“But Algebra makes me mad!” she whined. It took the next forty-five minutes, but Ryan somehow dragged her through the whole section and began the next. The cool night air was refreshing when they finally left the building. It had already gotten dark, but the street lights made it easy to see.
“Thanks,” Angie said a bit grumpily as they walked down the street. “It makes a lot more sense now. But I still wouldn’t use it in real life!”
“Well, you might some day.” Ryan sighed and ran a hand through his hair.. She just didn’t want to learn! Oh, well. He had sort of forced the tutoring on her. She hadn’t asked for help, but then, she did show up.
They fell silent for a minute. Ryan was starting to feel awkwardly silent when they passed a Blood Donation poster. “Are you giving blood next week?”
“Oh, no. I really hate needles,” Angie cringed.
“I’d still consider it. They’re not joking when they say it saves lives. Don’t give me that look, I’m serious. Why do you think you don’t hear about vampire rampages anymore? We’re talking about a peace treaty here.”
“Oho, so that’s why there’s such a push to give blood! Sorry, buddy, you’ll have to do without,” Angie laughed and patted his arm. “Besides, I’ve got training to do every night. Boy, do I have training to do!”
“It’s not me you have to worry about,” Ryan muttered, mildly offended. “What kind of training are you doing, anyway? You seem pretty athletic, especially how you threw those mats at the ghouls, but you’re not on any of the sports teams, are you?”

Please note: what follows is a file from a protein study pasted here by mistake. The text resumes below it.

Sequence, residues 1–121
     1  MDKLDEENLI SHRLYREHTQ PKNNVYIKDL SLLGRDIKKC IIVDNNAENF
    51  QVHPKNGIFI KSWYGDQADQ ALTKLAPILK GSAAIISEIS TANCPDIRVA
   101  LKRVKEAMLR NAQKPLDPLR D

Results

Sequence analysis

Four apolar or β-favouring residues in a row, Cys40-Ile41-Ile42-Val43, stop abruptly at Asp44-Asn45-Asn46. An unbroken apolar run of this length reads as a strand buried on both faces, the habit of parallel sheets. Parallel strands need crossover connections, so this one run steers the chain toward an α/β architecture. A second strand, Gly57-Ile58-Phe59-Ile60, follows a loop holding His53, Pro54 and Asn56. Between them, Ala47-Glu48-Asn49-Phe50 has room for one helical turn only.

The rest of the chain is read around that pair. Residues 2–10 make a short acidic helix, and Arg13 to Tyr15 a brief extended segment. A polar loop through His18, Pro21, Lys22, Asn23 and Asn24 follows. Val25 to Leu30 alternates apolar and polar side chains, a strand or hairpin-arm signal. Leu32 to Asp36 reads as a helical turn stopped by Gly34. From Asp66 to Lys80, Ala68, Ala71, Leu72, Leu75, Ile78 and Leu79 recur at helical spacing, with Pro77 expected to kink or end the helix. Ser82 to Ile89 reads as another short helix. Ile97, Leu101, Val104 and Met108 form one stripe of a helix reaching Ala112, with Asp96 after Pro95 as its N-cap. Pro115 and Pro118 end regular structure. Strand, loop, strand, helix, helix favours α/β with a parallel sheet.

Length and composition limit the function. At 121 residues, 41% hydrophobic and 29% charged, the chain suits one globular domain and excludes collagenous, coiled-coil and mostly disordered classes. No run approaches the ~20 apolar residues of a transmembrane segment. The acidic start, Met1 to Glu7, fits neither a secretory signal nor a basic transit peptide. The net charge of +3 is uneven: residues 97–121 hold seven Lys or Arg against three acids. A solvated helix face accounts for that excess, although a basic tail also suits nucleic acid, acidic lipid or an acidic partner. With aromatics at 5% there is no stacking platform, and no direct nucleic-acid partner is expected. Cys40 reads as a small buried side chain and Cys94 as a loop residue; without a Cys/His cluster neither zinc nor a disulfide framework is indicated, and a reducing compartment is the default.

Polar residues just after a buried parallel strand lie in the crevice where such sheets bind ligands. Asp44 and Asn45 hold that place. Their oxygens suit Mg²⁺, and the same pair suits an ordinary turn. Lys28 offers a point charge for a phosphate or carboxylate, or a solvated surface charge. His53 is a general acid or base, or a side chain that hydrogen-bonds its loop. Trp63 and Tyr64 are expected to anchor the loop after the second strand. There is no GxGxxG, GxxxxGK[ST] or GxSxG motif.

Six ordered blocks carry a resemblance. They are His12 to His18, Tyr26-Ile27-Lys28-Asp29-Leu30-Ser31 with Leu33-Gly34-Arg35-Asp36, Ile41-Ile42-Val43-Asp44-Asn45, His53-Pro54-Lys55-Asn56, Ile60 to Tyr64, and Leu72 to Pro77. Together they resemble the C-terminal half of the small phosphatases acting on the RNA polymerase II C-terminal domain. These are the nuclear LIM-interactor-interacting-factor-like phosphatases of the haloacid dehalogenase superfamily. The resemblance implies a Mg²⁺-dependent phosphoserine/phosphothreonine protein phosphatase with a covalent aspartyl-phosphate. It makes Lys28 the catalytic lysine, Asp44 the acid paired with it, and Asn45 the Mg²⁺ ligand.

“Oh, well... no... it’s sorta like Cross Country, except it’s a team of one, and you have to run at least five kilometers every night.”
“You have no idea.” Angie put her hands on her face and squished her cheeks. “And then I do strength training three nights a week.”
“Wow.” Ryan found that impressive. He exercised regularly, but even his FBSI training didn’t sound quite that intense or as draining.. “And you run that far by yourself?”
“Right now, yeah; my trainer is corresponding with me until exams.”
“Hmm. Can I try it? It’d be good to have a running buddy.”
“Haha, no! It’s against the rules! My mom would flip if she found me running off into the woods at
night with a boy.”
“Tsh. We don’t have to run in the woods.” Ryan found that embarrassing. Moms always assume the worst. “It seems more dangerous to run that far alone at night.”
“Nah, you saw how I handled those ghouls.” Angie flexed her biceps, which Ryan had to admit were rather toned, but he still rolled his eyes.
“I have a problem,” Ryan said the next day at school. Angie’s head was down on her desk in an attitude of utter exhaustion, but she opened one eye.
“I don’t wanna solve any more math problems. Noooo,” she mumbled as she buried her face again.
Ryan tapped his pencil on the desk nervously. “Not a math problem. I’m asking for a favor.”
“Ooh, a favor!” Angie pulled herself up and gave him a teasing look. “Let me guess: the blood bank is dry!”